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west_awaken
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Joined: 29 Oct 2012
Posts: 124
Location: Earth

PostPosted: Fri Jan 11, 2013 5:34 pm    Post subject: Experts advise users and companies worldwide to disable.... Reply with quote

WARNING WARNING !!


Security experts, researchers and analysts have discovered a vulnerability in the widely used Java software that has the potential to allow hackers to access to your computer.

Experts advise users and companies worldwide to disable Oracle’s Java due to severe security flaw

http://www.humanipo.com/news/3252/Experts-advise-users-and-companies-w orldwide-to-disable-Oracles-Java-due-to-severe-security-flaw



Oracle’s Java platform is used and installed on more than one billion user computers worldwide. Three billion mobile phones are running the software too.

With an ecosystem of approximately nine million certified Java developers, the new vulnerability presents a headache for Oracle given its wide usage in many industries and many datacenters.

Yesterday (Thursday), the US-CERT’s Vulnerability Notes Database, a service that provides timely information about software vulnerabilities, issued a warning that said “Java 7 Update 10 and earlier contain an unspecified vulnerability that can allow a remote, unauthenticated attacker to execute arbitrary code on a vulnerable system.”

Numerous reports worldwide suggest this security flaw is being exploited and included “exploit kits” that make it easier for hackers with bad motives to attack users’ computers and any other computer or server running this version of Java.

Exploits are already available for sale and download for US$700 a quarter or US$1,500 for a year’s subscription.

The only solution, as suggested by many experts, at this stage seems to be that users and those affected to disable Java (or uninstall) on their computers as Oracle have yet to issue a fix to the vulnerability.

The “impact” of this vulnerability is seen as severe by the US-CERT as they state “by convincing a user to visit a specially crafted HTML document, a remote attacker may be able to execute arbitrary code on a vulnerable system”.

They, US-CERT, also see no workaround or solution to the vulnerability at the moment and they concur with experts by suggesting: “We are currently unaware of a practical solution to this problem. Please consider the following workarounds: Disable Java in web browsers.”

HumanIPO has contacted Oracle South Africa and have yet to get an official confirmation regarding the solution or development of such a solution from the global software company.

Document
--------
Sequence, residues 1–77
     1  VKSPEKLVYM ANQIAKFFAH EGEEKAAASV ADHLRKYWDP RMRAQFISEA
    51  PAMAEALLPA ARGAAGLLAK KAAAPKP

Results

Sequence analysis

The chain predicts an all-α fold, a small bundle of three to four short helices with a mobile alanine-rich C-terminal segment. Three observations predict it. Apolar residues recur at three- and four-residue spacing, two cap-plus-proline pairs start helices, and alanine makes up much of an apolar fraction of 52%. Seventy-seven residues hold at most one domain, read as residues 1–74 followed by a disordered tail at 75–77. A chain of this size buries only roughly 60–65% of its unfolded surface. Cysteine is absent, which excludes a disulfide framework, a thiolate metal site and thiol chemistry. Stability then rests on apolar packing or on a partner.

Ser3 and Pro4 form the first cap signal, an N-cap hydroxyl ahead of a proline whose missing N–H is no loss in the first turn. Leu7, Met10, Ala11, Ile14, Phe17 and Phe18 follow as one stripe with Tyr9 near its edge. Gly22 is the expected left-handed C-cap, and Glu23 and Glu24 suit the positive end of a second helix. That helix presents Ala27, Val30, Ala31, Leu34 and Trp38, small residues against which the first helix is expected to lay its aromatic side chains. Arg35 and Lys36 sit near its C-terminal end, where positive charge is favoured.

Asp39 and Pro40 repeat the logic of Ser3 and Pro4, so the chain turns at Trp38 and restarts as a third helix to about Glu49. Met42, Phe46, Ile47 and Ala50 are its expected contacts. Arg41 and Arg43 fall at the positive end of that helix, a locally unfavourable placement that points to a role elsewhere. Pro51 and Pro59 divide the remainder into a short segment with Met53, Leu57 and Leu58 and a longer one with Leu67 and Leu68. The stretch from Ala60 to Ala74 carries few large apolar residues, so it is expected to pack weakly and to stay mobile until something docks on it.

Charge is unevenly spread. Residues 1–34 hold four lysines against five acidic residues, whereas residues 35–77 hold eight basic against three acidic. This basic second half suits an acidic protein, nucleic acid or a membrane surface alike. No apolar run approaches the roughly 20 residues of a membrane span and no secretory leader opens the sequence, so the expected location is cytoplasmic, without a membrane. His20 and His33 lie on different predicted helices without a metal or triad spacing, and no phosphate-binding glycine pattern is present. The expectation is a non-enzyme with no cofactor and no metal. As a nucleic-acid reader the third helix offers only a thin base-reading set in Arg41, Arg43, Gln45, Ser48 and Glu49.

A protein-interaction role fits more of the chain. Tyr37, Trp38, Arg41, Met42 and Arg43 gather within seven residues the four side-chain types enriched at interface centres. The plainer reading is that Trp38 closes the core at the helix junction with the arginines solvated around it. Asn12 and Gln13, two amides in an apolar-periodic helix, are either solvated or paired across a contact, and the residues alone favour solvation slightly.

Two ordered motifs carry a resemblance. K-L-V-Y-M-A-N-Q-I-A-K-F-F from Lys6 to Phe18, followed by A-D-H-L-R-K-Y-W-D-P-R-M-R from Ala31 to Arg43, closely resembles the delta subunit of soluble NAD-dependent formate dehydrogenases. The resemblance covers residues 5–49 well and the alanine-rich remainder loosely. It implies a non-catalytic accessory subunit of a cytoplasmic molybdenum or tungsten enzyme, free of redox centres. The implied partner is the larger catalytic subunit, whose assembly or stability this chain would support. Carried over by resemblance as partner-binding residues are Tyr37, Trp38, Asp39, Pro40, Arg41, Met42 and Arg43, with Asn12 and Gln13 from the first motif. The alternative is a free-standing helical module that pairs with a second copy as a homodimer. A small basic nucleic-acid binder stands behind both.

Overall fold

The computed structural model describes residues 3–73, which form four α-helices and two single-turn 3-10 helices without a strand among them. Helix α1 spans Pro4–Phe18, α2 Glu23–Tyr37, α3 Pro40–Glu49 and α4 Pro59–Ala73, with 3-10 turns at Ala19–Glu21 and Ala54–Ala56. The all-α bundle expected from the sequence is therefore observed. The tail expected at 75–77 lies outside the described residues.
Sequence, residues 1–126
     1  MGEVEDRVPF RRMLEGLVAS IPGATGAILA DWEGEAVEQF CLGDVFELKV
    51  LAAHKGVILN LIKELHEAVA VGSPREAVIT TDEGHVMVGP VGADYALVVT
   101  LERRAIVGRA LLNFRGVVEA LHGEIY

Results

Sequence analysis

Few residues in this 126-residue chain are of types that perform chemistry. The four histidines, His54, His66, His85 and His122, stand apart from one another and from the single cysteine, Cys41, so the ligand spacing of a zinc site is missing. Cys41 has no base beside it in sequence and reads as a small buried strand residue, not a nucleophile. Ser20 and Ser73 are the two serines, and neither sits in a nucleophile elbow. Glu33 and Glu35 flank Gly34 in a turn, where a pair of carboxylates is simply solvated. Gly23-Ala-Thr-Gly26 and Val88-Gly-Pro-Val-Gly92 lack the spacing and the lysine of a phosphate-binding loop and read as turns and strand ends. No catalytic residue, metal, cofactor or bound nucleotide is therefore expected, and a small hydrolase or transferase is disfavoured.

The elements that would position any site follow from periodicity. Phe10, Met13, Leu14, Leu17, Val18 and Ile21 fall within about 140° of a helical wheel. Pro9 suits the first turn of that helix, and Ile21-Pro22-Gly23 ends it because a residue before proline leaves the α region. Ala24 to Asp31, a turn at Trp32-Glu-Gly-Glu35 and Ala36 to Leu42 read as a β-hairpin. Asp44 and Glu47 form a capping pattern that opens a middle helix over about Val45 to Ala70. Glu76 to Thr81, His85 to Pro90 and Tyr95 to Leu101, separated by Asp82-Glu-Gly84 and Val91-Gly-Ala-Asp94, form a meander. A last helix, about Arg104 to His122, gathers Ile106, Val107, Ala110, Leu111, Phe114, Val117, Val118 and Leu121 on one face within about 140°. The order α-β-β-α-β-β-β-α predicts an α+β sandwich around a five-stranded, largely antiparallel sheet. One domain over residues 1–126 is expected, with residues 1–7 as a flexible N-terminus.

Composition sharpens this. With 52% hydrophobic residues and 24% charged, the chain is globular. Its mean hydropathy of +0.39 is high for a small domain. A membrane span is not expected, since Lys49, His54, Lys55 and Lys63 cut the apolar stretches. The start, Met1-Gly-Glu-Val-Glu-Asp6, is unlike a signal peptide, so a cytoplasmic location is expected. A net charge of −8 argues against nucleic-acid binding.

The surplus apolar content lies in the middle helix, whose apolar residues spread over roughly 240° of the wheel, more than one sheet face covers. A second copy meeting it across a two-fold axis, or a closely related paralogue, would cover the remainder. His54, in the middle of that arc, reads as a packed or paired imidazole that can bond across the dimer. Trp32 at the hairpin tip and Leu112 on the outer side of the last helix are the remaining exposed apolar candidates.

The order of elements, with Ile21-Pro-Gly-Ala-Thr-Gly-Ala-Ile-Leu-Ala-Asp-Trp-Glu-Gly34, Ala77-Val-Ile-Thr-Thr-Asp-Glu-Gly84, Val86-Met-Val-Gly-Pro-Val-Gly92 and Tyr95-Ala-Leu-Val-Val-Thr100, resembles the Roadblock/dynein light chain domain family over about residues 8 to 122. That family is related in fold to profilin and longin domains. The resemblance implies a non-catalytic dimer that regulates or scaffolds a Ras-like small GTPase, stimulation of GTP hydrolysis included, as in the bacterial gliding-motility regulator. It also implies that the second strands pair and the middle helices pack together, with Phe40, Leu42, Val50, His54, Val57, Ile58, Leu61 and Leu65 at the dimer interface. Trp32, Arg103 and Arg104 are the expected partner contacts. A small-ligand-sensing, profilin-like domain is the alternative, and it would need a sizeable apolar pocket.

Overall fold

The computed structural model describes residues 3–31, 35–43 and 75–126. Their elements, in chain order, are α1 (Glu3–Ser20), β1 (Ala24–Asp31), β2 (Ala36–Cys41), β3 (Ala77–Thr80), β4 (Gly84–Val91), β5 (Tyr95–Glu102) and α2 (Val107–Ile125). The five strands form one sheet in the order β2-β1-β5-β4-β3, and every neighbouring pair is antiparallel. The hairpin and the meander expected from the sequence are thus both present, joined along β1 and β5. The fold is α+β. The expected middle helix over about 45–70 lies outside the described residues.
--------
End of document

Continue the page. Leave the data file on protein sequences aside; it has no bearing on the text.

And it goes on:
This report will be updated as soon as Oracle officially communicate a solution.
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TheNH813
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Joined: 02 Oct 2012
Posts: 319
Location: Next to my 1.2 KiloWatt Mobius coil.

PostPosted: Sat Jan 12, 2013 4:04 am    Post subject: Reply with quote

I will disable java completely untill a patch is released.
I will send a warning to everyone I know.
Im expecting a emergency patch within a few days.
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ORGONITE AWAY!!
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tuxedo meow
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Joined: 07 Mar 2011
Posts: 1443
Location: variable

PostPosted: Sat Jan 12, 2013 3:10 pm    Post subject: Reply with quote

my laptop refused to update java yesterday.
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EMRKid
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Joined: 20 Dec 2012
Posts: 171
Location: Australia

PostPosted: Sun Jan 13, 2013 3:22 am    Post subject: Reply with quote

I have the latest MS WIN 8 and I went through ALL APPS and I couldn't find Java on the system. I use to have on WIN XP and Vista. Looks as though MS may have dumped it, or those other times I must have downloaded the programme. So, should I have Java on WIN 8? Can anyone answer that question?
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EMRKid
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Joined: 20 Dec 2012
Posts: 171
Location: Australia

PostPosted: Sun Jan 13, 2013 3:37 am    Post subject: Reply with quote

So, for a layman like me, what should I do as a GENERAL user. I am led to believe if you disable Java in WIN 8, it might probably crash????

Setting the Security Level of the Java Client


Contents
Ensuring the Most Secure JRE
Disabling Java in the Browser
Setting the Security Level of Unsigned Apps
Security Options for Trusted Signed or Self-Signed Apps
Install Options
Apps with Mixed Code

As of the JDK 7u10 release, a user may control, via the Java Control Panel, the level of security that will be used when running unsigned (also called "untrusted" or "sandboxed") Java apps in a browser. The user may select from five levels of security, including disabled, where no apps are allowed to run in the browser.